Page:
Derrick Williams certainly had a disappointing rookie season last season with the Minnesota Timberwolves, as the lockout eliminated most of the preseason as well as limited practice time between games.
He averaged just 8.8 points and 4.7 rebounds per game, certainly not indicative of his talent as the No. 2 overall pick in 2011, but he did see action in all 66 games last season and started 15 contests.
Williams averaged 21.5 minutes per game last season, but his playing time ranged from just over six minutes during a game against the New Jersey Nets in January to over 40 minutes in three March games.
That fluctuation in playing time certainly didn’t help him find his way as an NBA rookie, though Timberwolves’ coach Rick Adelman recently suggested Williams “just floated” at times last season.
This was a critical offseason for Williams as team brass challenged him to improve his craft, and he appears to have responded by losing 15 pounds in preparation for seeing significant playing time at small forward in his second season.
He also had surgery to fix a deviated septum, which should help him breath better as well as improve his endurance. Williams was the subject of trade rumors over the summer and is perhaps the player on the Minnesota roster other teams would be most interested in, but nothing happened there.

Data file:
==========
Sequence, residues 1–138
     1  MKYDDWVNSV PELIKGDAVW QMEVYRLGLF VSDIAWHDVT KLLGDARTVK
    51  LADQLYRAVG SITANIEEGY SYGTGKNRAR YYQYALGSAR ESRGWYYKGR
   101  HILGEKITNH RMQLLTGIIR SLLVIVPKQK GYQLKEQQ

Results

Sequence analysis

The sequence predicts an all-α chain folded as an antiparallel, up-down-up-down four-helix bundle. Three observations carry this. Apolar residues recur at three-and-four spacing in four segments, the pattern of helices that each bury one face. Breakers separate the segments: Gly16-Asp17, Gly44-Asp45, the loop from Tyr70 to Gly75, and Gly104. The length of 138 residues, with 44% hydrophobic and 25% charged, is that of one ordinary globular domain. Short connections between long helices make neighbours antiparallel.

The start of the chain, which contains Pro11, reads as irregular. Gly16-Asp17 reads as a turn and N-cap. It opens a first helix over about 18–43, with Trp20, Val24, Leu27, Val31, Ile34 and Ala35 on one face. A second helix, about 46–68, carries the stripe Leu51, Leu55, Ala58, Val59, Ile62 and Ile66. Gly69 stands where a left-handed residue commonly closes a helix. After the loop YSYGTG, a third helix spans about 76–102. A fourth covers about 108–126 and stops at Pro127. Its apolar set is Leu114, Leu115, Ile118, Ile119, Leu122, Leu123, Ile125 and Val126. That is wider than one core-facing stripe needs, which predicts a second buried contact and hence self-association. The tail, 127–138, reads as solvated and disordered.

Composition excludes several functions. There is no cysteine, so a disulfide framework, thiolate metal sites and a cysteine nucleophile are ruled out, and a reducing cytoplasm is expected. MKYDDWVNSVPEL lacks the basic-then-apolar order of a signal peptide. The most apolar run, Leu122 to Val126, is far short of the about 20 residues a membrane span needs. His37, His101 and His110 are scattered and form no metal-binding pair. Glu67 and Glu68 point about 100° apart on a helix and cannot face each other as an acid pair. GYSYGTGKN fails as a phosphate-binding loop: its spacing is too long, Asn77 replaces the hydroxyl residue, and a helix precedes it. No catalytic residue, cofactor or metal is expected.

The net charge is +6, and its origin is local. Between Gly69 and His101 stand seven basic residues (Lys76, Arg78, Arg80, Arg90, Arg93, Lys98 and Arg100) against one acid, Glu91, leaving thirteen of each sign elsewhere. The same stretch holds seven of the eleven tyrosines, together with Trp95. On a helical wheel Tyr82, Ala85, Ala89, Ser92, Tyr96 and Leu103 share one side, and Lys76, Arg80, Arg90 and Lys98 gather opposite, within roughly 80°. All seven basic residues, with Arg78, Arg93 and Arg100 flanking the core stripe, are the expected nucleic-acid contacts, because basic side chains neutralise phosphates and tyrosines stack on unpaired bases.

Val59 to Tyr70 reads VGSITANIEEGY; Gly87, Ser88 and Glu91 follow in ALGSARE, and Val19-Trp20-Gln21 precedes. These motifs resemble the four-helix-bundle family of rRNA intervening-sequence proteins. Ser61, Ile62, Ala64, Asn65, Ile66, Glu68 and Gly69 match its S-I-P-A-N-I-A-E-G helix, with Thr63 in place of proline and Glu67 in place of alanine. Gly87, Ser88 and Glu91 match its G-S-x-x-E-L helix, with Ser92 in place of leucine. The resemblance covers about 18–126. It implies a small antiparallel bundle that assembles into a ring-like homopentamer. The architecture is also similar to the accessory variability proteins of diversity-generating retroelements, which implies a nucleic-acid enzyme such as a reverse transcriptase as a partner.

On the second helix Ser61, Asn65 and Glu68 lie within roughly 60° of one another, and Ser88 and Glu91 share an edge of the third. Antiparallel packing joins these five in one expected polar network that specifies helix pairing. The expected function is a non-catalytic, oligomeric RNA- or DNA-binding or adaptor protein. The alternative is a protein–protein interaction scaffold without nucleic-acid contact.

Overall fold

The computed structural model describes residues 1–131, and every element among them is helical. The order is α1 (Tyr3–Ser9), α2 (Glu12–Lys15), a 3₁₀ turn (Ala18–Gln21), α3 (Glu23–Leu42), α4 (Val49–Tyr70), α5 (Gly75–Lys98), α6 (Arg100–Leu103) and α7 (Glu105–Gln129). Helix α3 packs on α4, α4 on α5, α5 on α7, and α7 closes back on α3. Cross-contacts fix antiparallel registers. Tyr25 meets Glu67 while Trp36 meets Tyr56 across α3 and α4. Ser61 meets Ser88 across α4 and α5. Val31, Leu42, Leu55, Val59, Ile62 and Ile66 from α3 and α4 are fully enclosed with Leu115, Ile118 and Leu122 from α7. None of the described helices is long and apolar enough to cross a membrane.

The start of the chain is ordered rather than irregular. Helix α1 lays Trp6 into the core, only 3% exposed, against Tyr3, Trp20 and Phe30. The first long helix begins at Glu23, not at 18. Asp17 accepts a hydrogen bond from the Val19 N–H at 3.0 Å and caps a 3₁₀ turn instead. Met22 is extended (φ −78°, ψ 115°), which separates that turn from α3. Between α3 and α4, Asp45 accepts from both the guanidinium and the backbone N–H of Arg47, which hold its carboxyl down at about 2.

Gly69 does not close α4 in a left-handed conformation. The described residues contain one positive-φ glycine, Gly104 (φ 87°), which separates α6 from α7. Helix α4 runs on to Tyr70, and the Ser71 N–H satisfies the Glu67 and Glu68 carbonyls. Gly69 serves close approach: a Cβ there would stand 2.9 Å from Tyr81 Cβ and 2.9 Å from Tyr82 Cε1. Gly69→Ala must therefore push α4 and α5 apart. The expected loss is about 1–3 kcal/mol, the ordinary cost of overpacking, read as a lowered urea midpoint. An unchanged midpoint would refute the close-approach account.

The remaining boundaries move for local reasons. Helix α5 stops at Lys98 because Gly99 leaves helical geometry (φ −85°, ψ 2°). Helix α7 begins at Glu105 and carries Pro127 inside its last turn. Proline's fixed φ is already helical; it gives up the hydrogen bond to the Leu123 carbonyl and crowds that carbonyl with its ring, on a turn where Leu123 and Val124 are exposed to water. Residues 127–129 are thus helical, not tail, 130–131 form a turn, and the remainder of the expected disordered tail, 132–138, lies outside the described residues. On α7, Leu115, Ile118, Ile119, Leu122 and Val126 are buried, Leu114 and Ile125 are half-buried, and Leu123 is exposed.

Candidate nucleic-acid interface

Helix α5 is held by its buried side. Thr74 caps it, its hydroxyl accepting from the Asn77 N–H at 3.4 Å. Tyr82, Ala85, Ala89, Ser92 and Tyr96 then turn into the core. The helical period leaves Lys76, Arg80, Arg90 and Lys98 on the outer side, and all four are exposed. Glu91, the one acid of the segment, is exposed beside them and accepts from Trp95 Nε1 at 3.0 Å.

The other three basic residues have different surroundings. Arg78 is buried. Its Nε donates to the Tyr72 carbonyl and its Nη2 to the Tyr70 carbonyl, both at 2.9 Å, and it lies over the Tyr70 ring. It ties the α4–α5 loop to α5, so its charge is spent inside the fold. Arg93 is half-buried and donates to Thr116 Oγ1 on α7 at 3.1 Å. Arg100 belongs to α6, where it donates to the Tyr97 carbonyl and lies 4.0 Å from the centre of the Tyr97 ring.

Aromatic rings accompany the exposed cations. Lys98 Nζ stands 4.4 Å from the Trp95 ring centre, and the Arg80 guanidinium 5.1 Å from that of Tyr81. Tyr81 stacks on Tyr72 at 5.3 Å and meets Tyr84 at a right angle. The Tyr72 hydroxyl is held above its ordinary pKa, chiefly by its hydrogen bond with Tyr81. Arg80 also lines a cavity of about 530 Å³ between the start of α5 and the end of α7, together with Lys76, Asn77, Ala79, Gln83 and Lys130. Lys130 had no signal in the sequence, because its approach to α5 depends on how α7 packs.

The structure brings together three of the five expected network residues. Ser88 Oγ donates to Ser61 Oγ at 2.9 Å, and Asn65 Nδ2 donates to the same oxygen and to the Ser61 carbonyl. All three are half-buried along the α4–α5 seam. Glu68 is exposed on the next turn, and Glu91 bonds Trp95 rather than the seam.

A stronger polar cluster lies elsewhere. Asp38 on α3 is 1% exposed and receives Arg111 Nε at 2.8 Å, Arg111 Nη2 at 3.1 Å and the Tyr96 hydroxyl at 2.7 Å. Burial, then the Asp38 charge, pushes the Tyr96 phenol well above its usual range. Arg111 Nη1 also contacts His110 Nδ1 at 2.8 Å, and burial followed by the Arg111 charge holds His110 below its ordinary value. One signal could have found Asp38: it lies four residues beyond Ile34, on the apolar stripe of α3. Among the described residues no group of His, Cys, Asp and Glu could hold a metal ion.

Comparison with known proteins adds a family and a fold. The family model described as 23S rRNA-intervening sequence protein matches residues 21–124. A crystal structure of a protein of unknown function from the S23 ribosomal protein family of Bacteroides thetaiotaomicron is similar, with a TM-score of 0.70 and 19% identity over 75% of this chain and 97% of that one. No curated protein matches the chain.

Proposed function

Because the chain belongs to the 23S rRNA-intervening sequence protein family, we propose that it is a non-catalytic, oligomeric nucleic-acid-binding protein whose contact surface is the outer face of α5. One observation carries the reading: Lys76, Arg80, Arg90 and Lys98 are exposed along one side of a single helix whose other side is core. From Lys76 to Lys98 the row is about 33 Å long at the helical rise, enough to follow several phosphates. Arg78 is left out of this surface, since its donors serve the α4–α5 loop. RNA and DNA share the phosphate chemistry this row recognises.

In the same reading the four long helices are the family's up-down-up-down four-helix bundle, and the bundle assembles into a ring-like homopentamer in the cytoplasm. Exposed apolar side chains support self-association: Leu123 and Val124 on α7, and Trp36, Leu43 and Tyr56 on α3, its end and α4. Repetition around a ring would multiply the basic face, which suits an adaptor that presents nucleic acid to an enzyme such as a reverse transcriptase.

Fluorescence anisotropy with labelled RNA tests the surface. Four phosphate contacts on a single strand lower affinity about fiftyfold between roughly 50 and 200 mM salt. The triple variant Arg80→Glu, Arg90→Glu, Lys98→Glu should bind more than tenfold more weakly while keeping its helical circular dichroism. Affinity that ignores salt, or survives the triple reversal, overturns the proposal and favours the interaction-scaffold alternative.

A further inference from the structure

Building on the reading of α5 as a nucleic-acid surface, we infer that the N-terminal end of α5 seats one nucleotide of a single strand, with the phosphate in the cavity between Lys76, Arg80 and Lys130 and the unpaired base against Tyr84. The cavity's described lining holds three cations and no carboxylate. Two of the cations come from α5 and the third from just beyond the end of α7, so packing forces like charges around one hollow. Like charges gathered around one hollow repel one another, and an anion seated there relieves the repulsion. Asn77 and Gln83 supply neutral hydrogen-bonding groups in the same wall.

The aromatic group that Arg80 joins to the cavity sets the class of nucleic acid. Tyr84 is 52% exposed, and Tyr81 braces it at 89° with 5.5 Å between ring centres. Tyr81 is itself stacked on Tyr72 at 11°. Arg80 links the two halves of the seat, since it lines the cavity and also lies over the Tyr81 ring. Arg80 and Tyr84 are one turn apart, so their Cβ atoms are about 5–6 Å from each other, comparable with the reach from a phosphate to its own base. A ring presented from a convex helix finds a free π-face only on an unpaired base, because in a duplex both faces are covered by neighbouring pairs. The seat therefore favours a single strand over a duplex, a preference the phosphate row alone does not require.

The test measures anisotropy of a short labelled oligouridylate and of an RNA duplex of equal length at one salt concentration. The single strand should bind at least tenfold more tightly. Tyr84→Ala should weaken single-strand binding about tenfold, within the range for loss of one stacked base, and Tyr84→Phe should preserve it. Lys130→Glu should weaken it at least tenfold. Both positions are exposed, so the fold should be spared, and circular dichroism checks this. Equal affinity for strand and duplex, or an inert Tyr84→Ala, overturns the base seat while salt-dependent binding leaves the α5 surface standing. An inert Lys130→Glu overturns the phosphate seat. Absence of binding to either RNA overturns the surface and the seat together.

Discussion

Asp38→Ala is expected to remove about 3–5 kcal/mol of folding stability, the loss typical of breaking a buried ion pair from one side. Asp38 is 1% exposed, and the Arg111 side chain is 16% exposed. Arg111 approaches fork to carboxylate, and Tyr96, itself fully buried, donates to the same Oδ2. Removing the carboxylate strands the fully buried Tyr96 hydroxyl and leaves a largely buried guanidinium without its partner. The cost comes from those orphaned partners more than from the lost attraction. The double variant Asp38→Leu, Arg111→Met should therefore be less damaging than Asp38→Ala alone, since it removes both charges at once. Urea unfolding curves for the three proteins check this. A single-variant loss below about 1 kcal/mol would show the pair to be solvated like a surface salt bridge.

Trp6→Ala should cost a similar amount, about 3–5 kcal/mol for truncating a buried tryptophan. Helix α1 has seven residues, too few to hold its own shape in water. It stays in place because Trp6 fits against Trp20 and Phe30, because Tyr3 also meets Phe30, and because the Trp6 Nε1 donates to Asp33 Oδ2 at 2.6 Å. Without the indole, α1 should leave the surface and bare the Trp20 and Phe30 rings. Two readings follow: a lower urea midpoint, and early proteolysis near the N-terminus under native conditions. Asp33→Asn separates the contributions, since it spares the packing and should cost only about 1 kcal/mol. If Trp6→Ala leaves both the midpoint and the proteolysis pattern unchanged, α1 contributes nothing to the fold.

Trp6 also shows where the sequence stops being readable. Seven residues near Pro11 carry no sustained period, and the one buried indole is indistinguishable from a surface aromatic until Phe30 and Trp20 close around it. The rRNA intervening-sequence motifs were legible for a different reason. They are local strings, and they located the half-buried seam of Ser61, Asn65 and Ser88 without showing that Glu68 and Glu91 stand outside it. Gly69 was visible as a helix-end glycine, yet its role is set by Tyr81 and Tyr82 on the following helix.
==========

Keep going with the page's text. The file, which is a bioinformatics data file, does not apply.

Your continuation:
Adelman is clearly not entirely sold on Williams as a future building block for the Timberwolves’ franchise, and the team’s additions during the offseason clearly reflect that.
Three veterans-Andrei Kirilenko, Chase Budinger and Dante Cunningham-were all brought in via free agency and trades and all three can play small forward.
Kirilenko will certainly play a lot given his reputation and the investment the team made in him, and it is noteworthy that Budinger played for Adelman when he coached the Houston Rockets.
The Timberwolves also added depth at power forward with the more recent signing of Louis Amundson, so there may not be a lot of room for Williams to play there with Kevin Love unlikely to cede many minutes to anyone.
Reports out of training camp regarding Williams have been positive so far, so he appears to recognize that he will need to ramp up his effort level in order to earn significant, or perhaps just as importantly consistent, minutes this season.
Of all the players in the mix for minutes at small forward Williams is surely the most talented, at least offensively, and that alone may be enough to keep him in the rotation at times.
But it’s clear Adelman will demand maximum effort on both ends of the floor from him, and if Williams does not bring that he may again spend a lot of time in certain games on the bench while Adelman gives veterans he can rely on significant playing time.